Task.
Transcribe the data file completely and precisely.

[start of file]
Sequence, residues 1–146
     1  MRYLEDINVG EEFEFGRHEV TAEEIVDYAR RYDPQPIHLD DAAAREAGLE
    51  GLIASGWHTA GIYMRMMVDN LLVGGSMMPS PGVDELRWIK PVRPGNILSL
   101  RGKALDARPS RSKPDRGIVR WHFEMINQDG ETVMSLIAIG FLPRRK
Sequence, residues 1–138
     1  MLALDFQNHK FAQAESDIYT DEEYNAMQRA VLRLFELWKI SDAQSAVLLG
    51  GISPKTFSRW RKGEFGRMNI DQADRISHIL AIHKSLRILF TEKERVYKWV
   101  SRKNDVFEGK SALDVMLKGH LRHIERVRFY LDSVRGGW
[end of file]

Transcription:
Sequence, residues 1–146
     1  MRYLEDINVG EEFEFGRHEV TAEEIVDYAR RYDPQPIHLD DAAAREAGLE
    51  GLIASGWHTA GIYMRMMVDN LLVGGSMMPS PGVDELRWIK PVRPGNILSL
   101  RGKALDARPS RSKPDRGIVR WHFEMINQDG ETVMSLIAIG FLPRRK
Sequence, residues 1–138
     1  MLALDFQNHK FAQAESDIYT DEEYNAMQRA VLRLFELWKI SDAQSAVLLG
    51  GISPKTFSRW RKGEFGRMNI DQADRISHIL AIHKSLRILF TEKERVYKWV
   101  SRKNDVFEGK SALDVMLKGH LRHIERVRFY LDSVRGGW